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Hyphen allegedly requests competition delay

2022-10-31  Maihapa Ndjavera

Hyphen allegedly requests competition delay

Hyphen Hydrogen Energy, originally proposed a standstill on development of other hydrogen projects until the end of a defined feasibility period as well as a ‘most favoured project’ obligation on the part of Namibian government.

Hyphen is the preferred bidder for Namibia’s first large-scale vertically integrated green hydrogen project  

These conditions are contained in a draft feasibility and implementation agreement (FIA) being negotiated between Hyphen and government that was leaked last week by AR activist Job Amupanda on his social media platforms. 

However, these terms were apparently rejected by government lawyers working on the draft proposal. 

“We have proposed in place of a standstill on development of further projects, a clause by which Namibian government confirms to Hyphen the intention of government to award future projects in a manner that aims to achieve an orderly and sustainable development of hydrogen projects in the park. We propose this clause in order to attempt to give some comfort to Hyphen and their future funders in respect of further projects,” reads a memorandum dated 14 October 2022 and directed to government’s negotiating team (GNT), from Clifford Chance of the Hyphen team.

The Hyphen proposal purportedly urged the GNT to review the proposal carefully to ensure the contents correspond to government plans for future green hydrogen developments.

However, director general of the National Planning Commission Obeth Kandjoze stood firm that allegations made by Amupanda with regard to the green hydrogen project, are unfounded, twisted and manipulated to sensationalise a genuinely competent effort by government.

In a statement this week, Kandjoze said negotiations are still ongoing with the German partners. 

“Given that negotiations are ongoing, the GNT is not at liberty to comment on the details of any positions that have been established and or are under development,” Kandjoze said.



Moreover, Hyphen believes government should provide accommodation and related infrastructure for all of its employees and supply chain companies’ employees in and around Lüderitz.

“While Hyphen agrees that it is responsible for such things during the construction period, Hyphen believes that government, in its role as sovereign, should be responsible for them after the commercial operation date as part of the general social and economic development of the area,” the memorandum stated.


Change of law

Meanwhile, industry insiders told New Era the proposed inclusion for a legislative amendment, according to the draft negotiations, is not unusual and is in fact consistent with international practice in relation to energy and infrastructure projects. This is since government is incentivising Hyphen to establish itself in Namibia and expecting the company to make a significant multi-billion euro investment in the country. 

In this case, Hyphen pointed out, investors often request and receive an undertaking from the host government for compensation for changes in the law from a baseline date, given that compliance with any change in law imposed will be a requirement of continued operation in good standing.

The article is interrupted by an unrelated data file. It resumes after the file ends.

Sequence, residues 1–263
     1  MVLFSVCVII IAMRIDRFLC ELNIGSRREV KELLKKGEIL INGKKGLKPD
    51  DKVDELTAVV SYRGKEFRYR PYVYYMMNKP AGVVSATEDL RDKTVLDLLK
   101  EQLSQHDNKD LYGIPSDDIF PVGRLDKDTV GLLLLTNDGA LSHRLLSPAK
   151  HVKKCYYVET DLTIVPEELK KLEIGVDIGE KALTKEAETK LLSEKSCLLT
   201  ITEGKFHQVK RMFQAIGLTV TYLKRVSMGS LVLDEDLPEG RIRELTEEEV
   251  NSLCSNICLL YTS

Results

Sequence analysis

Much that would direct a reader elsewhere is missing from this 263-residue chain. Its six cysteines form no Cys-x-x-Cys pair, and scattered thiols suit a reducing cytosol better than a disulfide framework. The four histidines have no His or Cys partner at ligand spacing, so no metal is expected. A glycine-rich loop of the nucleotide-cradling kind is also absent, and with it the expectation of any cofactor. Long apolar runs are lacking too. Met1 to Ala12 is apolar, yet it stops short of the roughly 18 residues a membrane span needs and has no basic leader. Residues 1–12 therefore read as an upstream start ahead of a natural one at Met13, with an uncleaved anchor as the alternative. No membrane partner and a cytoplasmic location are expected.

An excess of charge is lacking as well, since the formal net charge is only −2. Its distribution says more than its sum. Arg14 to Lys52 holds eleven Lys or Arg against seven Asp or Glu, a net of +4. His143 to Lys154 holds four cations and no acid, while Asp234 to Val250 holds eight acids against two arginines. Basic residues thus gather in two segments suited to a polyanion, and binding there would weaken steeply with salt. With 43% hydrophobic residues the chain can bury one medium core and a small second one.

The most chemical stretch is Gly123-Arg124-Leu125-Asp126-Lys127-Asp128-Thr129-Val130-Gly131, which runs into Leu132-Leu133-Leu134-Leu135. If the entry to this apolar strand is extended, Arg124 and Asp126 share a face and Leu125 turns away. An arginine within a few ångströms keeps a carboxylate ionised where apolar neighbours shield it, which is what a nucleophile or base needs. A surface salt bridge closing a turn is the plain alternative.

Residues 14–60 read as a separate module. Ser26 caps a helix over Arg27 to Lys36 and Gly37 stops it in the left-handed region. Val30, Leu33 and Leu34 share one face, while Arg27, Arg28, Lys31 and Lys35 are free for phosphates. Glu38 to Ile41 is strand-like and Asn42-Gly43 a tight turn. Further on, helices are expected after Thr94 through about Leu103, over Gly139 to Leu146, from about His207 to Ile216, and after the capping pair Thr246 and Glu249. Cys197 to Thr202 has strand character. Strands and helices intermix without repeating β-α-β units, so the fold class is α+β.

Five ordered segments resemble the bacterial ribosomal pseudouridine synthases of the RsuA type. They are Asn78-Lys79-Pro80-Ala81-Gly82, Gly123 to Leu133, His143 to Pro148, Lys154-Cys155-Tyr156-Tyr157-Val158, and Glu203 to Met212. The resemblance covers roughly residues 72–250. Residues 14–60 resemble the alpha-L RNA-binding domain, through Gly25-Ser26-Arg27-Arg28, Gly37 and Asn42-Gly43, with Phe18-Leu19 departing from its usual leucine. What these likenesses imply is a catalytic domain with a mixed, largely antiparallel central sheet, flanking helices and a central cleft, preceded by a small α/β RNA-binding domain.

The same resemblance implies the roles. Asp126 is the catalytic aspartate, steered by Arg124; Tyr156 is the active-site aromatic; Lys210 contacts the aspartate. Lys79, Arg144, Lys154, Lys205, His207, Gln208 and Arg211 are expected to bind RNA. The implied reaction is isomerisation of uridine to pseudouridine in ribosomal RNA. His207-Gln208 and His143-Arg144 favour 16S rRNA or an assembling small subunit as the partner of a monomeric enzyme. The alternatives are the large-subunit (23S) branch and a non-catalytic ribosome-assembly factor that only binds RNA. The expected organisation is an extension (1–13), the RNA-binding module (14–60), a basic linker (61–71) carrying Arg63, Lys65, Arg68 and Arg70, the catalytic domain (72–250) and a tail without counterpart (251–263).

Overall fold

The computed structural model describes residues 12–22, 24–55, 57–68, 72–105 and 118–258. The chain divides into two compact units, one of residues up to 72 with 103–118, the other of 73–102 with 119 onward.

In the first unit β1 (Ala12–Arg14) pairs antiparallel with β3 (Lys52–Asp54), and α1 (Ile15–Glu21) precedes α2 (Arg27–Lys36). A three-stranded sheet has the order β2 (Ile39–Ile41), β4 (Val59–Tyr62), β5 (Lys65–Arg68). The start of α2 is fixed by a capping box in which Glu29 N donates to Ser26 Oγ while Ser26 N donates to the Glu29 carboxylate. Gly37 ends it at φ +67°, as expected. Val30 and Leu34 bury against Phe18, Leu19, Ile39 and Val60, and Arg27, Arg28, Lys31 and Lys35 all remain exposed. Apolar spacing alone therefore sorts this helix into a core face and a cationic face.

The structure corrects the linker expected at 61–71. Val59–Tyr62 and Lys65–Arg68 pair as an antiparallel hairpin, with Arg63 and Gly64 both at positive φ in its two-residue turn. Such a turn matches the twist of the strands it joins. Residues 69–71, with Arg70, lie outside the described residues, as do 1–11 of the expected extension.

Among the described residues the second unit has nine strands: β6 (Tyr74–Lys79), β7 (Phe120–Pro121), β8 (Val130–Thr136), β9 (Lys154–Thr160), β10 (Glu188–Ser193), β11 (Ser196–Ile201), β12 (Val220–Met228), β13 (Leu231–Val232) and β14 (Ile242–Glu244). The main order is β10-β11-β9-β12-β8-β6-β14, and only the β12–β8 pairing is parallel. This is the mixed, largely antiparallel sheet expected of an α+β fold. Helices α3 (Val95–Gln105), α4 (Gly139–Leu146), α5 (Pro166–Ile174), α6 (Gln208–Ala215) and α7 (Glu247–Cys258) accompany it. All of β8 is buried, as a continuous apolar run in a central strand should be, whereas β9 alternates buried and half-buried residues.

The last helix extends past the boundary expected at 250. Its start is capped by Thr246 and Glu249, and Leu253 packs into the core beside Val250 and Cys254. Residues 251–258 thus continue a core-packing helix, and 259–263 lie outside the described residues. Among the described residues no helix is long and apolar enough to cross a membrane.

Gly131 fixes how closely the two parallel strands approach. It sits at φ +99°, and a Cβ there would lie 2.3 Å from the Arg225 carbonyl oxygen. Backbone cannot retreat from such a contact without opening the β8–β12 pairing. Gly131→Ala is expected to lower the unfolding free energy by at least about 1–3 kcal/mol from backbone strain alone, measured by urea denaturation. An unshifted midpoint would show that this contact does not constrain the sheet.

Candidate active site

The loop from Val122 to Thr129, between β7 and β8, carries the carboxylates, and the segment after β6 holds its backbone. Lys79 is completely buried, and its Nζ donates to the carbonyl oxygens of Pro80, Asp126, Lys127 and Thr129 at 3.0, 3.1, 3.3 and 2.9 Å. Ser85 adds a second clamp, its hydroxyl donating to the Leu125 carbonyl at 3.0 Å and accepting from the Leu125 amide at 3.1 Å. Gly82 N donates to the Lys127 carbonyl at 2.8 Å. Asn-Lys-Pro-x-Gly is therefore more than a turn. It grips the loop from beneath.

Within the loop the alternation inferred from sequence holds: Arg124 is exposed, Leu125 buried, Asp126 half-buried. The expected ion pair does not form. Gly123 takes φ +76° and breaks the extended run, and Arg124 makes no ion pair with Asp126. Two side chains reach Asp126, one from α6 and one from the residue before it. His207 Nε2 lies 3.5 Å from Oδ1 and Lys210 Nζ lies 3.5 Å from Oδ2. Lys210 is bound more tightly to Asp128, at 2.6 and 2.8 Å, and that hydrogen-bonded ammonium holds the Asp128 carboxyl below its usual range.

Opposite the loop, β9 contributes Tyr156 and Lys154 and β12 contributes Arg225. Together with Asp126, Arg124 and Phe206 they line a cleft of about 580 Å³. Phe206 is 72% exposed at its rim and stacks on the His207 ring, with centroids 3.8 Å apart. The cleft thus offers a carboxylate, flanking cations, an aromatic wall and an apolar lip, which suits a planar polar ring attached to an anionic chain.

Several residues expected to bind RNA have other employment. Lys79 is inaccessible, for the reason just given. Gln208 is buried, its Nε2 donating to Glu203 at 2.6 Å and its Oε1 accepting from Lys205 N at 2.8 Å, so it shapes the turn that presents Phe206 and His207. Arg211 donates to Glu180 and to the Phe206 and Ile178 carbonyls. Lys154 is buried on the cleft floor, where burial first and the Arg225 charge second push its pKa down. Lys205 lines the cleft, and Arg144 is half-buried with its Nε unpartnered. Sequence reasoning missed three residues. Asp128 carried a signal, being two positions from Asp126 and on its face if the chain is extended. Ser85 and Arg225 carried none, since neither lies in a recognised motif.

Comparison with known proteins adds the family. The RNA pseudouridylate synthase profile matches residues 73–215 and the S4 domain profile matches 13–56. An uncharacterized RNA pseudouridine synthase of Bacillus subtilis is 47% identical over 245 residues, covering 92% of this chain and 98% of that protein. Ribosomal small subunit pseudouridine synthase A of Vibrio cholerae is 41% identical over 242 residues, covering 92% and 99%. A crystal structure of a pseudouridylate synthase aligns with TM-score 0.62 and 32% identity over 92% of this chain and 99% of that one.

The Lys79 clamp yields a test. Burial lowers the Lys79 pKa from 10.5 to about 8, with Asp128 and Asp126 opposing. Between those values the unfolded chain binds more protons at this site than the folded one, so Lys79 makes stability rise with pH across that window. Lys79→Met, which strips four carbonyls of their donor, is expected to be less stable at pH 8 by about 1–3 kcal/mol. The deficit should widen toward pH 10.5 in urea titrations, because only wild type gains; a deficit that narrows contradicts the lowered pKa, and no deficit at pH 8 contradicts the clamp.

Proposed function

“Government can always change the law and require Hyphen to comply with that change in law - the issue is:  which party shall be responsible as a matter of the contractual terms of the FIA (feasibility and implementation agreement) for the financial consequences, either positive or negative of the change in law,” Hyphen questioned.

The concern from government’s legal team is this is a serious obligation, which could in the future cost money, as the host government would be required to compensate Hyphen for changes in law. The company further explained government would be required either to find a manner in which Hyphen could be exempted from such change in the tax regime or would have to compensate Hyphen for the cost of any legal changes.  

The attorney general’s office, however, is concerned that this could potentially be seen as a usurpation by the executive branch of the functions of the legislator, in that it would require the State to pay a foreign investor compensation for decisions made by the Legislature. 


Synthetic Fuels Act

Also, the memorandum stated government’s obligation is to propose changes to legislation, noting that the risk of such legislation not being passed remains with government. 

“There is a procedure set out by which government will consult with Hyphen and provide it with government proposals for the legislation. Hyphen will then have the ability to comment on that legislation, so government may also consult with other interested stakeholders should GRN wish to do so,” was the reaction from the State. 

Government is also concerned that if a Synthetic Fuels Act is finally adopted, that Namibia would have more to lose should the project become unfeasible, thus exposing government to payment of Hyphen’s reimbursable project expenditure.

In August this year, Prime Minister Saara Kuugongelwa-Amadhila stated Namibia is in the process of developing its national green hydrogen strategy. 

The strategy is expected to ensure overall direction and cohesion between new policies needed for the industry as well as existing legislative frameworks.


2022-10-31  Maihapa Ndjavera

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